The department has developed a comprehensive storm water compliance program under the statewide NPDES Permit and the General NPDES Permits for storm water discharges from construction and industrial activities
The California Department of Transporation (Caltrans) has developed a comprehensive storm water compliance program under their statewide NPDES Permit and the General NPDES permits for storm water discharges from construction and industrial activities as well as the regional Lake Tahoe General Construction Permit.
Many of Caltrans' interpretations of the construction general permit (NPDES No. CAS0000002) are included in its 2018 Standard Specifications Section 13 for Water Pollution Control 2018 Standard Plans and Standard Specifications | Caltrans or guidance manuals available on the website.
Since thick fog has been known to show up in the National Weather Service (NWS) forecast at 0.01 to 0.1% chance of precipitation, Caltrans has defined its storm event forecast triggering a rain event action plan (REAP) as 50% chance of 0.1 inches or more, whereas the CGP is not specific to the amount of rain but only 50% chance. This small addition of an amount of rain is expected to reduce the chance of preparing a REAP for fog. Caltrans requires the REAP to be prepared 72 hours prior to a predicted 50% chance of 0.1 or more inches of rain and requires the REAP to be submitted and implementation started within 48 hours prior to the forecast storm. This is 24 hours earlier than the respective 48 hours and 24 hours required by the CGP.
Caltrans has also determined the Risk Level 2 sampling and analyses requirements for pH and turbidity were meant to be representative. Therefore, Caltrans starts with sampling 20% representative discharge points (minimum of 5) per qualifying rain event selected based on drainage areas of highest percentages of disturbed area, areas with potential pH impact sources and at least one area where disturbed soil is stabilized. If the results of sampling these 20% exceed 200 nephelometric turbidity units (NTU) or are outside the pH range of 6.5-8.5, they then need to collect from 50% of discharge points during the next qualifying rain event. If samples from the 50% exceed 250 NTU or are outside the range of 6.2-8.8 pH, they need to sample 100% of discharge locations. Once they graduate to a higher percentage, they stay there for the duration of construction.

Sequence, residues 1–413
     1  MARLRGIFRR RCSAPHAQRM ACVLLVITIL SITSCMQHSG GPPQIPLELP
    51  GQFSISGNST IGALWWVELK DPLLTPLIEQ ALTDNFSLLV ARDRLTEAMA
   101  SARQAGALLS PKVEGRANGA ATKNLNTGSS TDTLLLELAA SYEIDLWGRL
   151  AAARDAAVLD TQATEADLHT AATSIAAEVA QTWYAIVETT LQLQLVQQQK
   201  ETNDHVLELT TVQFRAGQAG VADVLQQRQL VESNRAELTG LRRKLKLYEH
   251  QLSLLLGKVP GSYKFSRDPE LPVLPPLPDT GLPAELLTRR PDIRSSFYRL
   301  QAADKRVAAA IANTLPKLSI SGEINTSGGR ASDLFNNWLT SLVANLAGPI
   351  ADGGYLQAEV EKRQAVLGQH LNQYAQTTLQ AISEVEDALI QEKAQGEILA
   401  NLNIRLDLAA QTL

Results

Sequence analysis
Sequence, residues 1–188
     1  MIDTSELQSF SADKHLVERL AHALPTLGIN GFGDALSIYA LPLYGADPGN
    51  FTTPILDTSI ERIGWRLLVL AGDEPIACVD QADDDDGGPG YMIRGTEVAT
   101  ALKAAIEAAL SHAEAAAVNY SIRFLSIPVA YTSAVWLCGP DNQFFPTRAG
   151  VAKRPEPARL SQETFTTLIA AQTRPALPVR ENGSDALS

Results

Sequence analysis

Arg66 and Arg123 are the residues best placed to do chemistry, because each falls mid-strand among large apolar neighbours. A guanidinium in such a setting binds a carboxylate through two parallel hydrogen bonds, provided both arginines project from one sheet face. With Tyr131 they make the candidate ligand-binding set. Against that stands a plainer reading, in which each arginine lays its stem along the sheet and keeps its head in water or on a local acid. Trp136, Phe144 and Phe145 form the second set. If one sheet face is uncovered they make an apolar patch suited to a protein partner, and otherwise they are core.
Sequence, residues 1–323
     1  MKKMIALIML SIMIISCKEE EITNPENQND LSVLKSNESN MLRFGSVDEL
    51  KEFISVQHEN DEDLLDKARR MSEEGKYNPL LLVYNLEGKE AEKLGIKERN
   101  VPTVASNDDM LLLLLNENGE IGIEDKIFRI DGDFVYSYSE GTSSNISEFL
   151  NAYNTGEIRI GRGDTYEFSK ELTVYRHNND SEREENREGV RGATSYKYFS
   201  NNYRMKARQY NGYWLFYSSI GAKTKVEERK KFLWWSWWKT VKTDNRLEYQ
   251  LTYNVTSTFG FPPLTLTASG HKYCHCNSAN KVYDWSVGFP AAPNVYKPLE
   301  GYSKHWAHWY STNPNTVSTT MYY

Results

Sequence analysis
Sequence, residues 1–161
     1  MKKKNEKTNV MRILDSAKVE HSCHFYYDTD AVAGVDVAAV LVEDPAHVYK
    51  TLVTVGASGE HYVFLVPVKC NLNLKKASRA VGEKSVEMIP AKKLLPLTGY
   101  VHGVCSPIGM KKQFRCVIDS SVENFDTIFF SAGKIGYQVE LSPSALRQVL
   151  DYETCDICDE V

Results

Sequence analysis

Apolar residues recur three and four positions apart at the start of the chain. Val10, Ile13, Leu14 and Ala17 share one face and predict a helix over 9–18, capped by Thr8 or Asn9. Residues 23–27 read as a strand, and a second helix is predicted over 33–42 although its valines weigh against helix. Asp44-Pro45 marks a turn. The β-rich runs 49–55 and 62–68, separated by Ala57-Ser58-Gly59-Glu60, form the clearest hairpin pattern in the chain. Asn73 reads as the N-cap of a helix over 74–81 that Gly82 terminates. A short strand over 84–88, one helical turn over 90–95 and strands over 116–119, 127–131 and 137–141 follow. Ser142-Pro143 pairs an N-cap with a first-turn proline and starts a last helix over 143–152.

Exceeding numeric action levels (NALs), 250 NTU and 6.5-8.5 pH is still reported as required by the CGP regardless of samples collected. However, Caltrans evaluates the sample results at each location rather than averaging the entire site, differing from the CGP that specifies the average daily turbidity and pH be compared to the NALs to determine whether they are exceeded. Caltrans enters its own data into the Stormwater Multiple Application and Report Tracking System (SMARTS), and they submit averages for results for pH and turbidity as required by SMARTS for their online adhoc reports.
Caltrans has set the limit for dewatering storm water (e.g., accumulated water trapped in excavation or basin) or non-storm water (e.g., groundwater) at 200 NTU and within the range of 6.7 to 8.3 pH.
The CGP wording for stockpile BMPs was cleared up in Caltrans Standard Specifications. Rather than say that stockpiled materials need a cover and berm when not being actively used, Caltrans states that active stockpile BMPs will be implemented before a forecasted storm event and inactive stockpiles according to the SWPPP schedule.
Additionally, CGP requires Risk level 2 projects to protect active areas with appropriate stabilization seemingly tied to a REAP. However, Caltrans does not limit to Risk Level 2 and includes a general requirement for all their construction projects to install soil stabilization and sediment control materials for water pollution control in all active areas or before any storm event. This includes Risk level 1 but also Caltrans projects that are not covered by the CGP (e.g., less than 1 acre soil disturbance).
Caltrans requires preparation of a Notice of Discharge for any discharge or evidence of prior discharge that could cause adverse conditions in the storm sewer system or receiving water. The resident engineer will decide if the discharge warrants an additional report to the Water Boards.
Additional training is required for the person responsible for water pollution control work for the construction contractor, the Water Pollution Control (WPC) Manager. The WPC manager must be a QSP and must also have an 8-hour Caltrans-specific course. Among many others, the responsibilities of the WPC Manager include being at the job site within two hours of being contacted, mobilizing crews to make immediate repairs and stopping construction activities that are damaging WPC practices or causing water pollution.
Caltrans has a detailed process for complying with all the requirements of the CGP in the SWPPP as required by the CGP. The forms and their SWPPP templates serve to document compliance with every CGP requirement. Caltrans guidance documents include rationale and procedures. The department’s contract special provisions and standard specifications are used to get contractors to implement these requirements for compliance.